Last month, I attended NAHB’s midyear meeting in Miami and had the pleasure of sitting in on a presentation by Daniel Swift, president and CEO of Des Moines-based architecture group BSB Design.
When you're building in a neighborhood with design codes that dictate your exteriors and the spectacular location and views are sure to lure potential buyers, you might decide to play it safe with the same old reliable interiors.
When you're building in a neighborhood with design codes that dictate your exteriors and the spectacular location and views are sure to lure potential buyers, you might decide to play it safe with the same old reliable interiors. Builder Mark Oiness bet on a new interior design strategy in his new Las Vegas project, and early numbers suggest he picked the right pony.
Oiness, owner of Westmark Homes of Las Vegas, adhered to the Southwestern architectural codes of Canyons Village in the master-planned community of Summerlin in Las Vegas. But he took a chance when he decided to carry a Frank Lloyd Wright-inspired interior design throughout. Everything from the sales center to the walkways to the three models adhere to Wright's design philosophies of open views, muted earth tones, clean lines and meandering pathways.
|From the clean lines of the warm, bright sales office to the master bath's open yet meandering layout Wright's design ideals and philosophies are apparent.
"It took a strong commitment to go this route, because your instinct is to mix things up in your models to showcase all that you offer," says Oiness, a small-volume builder in Las Vegas for the past 14 years. "But there is enough variety in what Wright has done to focus on one neighborhood. It's been a lot of fun."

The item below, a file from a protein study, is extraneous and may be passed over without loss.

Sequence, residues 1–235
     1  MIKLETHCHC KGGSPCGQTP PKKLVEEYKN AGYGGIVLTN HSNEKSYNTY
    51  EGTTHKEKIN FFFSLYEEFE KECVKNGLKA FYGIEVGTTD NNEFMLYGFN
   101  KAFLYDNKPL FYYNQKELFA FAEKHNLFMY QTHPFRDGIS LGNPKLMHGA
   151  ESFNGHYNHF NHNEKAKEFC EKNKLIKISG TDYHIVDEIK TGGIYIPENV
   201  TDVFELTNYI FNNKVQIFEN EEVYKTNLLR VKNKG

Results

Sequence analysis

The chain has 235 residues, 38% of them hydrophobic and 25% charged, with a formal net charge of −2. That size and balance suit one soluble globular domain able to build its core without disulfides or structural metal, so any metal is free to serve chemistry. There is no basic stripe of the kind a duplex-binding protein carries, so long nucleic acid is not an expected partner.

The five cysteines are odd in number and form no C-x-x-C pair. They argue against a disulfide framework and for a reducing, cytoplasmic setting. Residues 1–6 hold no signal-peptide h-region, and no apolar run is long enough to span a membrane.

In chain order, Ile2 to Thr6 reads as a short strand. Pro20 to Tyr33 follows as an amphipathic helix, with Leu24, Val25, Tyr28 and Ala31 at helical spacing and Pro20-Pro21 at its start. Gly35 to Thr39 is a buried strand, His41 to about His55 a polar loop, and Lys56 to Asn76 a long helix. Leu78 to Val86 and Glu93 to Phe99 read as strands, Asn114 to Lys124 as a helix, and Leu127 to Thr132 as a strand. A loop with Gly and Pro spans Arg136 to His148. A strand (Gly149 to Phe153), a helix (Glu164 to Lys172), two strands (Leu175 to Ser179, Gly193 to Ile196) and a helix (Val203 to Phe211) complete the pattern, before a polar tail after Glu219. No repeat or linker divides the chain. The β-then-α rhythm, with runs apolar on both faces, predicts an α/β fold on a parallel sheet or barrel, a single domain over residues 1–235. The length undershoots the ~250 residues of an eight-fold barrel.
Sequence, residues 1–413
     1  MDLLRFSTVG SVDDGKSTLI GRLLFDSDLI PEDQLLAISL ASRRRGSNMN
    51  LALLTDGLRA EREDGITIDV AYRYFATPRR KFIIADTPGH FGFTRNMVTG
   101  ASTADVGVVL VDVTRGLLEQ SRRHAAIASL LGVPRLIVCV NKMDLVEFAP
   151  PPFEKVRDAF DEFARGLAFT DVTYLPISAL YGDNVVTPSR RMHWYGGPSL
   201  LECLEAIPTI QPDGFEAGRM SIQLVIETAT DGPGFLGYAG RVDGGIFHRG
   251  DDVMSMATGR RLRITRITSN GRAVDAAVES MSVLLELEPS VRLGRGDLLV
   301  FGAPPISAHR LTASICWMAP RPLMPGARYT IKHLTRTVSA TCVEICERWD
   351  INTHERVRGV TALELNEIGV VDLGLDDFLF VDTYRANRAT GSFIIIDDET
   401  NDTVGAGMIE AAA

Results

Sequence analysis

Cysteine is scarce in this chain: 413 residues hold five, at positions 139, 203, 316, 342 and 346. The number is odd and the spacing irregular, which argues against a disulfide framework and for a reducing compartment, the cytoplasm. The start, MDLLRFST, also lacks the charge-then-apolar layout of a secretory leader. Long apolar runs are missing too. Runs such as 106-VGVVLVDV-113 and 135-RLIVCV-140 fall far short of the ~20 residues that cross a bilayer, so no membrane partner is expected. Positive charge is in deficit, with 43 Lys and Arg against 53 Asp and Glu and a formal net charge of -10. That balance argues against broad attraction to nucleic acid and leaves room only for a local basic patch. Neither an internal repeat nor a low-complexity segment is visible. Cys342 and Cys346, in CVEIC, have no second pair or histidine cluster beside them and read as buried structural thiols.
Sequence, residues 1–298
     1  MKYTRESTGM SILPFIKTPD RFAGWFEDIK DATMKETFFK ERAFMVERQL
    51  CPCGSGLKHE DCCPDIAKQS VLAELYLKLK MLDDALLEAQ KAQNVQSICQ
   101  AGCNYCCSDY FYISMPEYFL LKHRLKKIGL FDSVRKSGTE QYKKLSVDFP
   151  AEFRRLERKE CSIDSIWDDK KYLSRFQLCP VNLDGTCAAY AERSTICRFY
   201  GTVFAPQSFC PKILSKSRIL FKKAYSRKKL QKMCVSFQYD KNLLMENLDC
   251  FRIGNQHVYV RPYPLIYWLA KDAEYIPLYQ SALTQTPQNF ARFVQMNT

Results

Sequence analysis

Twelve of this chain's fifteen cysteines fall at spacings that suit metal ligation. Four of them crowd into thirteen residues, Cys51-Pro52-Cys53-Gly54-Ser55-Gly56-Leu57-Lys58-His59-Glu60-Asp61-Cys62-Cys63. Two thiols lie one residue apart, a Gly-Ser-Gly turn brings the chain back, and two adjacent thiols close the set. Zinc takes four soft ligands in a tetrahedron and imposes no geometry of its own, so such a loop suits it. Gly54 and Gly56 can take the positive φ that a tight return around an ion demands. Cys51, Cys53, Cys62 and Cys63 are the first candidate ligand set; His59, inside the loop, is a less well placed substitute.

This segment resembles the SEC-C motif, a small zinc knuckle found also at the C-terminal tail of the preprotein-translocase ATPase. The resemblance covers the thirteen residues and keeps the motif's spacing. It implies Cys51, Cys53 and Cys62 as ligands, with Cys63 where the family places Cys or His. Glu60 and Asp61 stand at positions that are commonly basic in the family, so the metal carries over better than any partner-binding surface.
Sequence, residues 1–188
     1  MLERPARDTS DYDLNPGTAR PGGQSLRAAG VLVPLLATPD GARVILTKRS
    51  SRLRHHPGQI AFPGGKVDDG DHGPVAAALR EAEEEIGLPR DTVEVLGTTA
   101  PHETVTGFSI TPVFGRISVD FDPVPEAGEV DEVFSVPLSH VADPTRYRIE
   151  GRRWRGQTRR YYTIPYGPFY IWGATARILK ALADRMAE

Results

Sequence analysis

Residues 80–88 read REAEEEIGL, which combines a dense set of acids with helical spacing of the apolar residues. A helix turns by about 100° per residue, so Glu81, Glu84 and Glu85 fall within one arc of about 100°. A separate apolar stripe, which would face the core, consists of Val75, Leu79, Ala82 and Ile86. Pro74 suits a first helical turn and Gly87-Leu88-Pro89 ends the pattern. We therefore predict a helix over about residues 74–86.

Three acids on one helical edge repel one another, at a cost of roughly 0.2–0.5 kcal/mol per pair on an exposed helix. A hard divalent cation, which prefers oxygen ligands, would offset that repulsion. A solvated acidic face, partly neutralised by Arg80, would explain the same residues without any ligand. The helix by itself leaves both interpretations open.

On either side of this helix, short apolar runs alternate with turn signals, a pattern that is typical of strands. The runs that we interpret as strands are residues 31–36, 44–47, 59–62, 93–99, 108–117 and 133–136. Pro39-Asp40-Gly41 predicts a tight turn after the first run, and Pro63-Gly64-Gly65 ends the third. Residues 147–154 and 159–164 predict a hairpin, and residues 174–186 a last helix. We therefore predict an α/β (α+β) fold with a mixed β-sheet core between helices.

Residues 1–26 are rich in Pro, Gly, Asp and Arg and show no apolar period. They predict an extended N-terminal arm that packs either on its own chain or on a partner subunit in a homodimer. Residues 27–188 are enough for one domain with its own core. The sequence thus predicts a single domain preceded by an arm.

Oiness worked with marketing and design expert Carole Eichen of Carole Eichen Interiors in Santa Ana, Calif., from start to finish on this project, and since both are devout Wright fans, their interior design direction was quickly agreed upon. Buyers seem to like this direction as well; less than a month after opening the sales center and without the fanfare of any grand opening ceremonies, 25 of the 84 homes have been sold.
"The sales office is where shoppers get their first impression of a project, and we wanted to capture the gracious comfort and livability of the homes right from the start," says Eichen. "Wright was big on peaceful, meandering pathways. We tried to provide a quiet journey through the models to induce a subtle sale, rather than hit the customer with too much information." The common rooms are open, but contain several different seating areas. This breaks up the room without closing anything off. The models also have drywall art niches, built-ins of nearly every type and architectural details to provide visual interest and functionality.
The subtle approach must have its merits, as many buyers are choosing the exact flooring, countertop and surface selections featured in the models. The Winslow model shown here features large, open rooms and volume ceilings throughout. Targeted at empty nesters and retirees, the floor plans are flexible to suit the varied lifestyles the market is famous for. Secondary bedrooms are designed with built-ins for easy transition to an office, exercise/day room or hobby room.
Views are important on this parcel, the last buildable tract of land with views of the TPC at the Canyons Golf Course. Prime lots at Canyon Terrace sit across a ravine and are elevated over the golf course, offering panoramic privacy. The rear lot lines are scalloped to maximize the views and the lots are terraced, resulting in a lush and private backyard.
|Oiness used similar natural materials and color schemes to forge a strong relationship between interior and exterior.
"Outdoor spaces have been growing in popularity over the last five years in Las Vegas,"says Oiness. "And they've become better not because they're more elaborate, but because builders are getting better at keeping a strong relationship between these spaces and the homes' interiors."
That care also helps build a relationship with potential buyers. "People who stopped by six or eight weeks before we were ready for them told us they would be back," says Oiness. "And invariably, we're seeing them back in our models.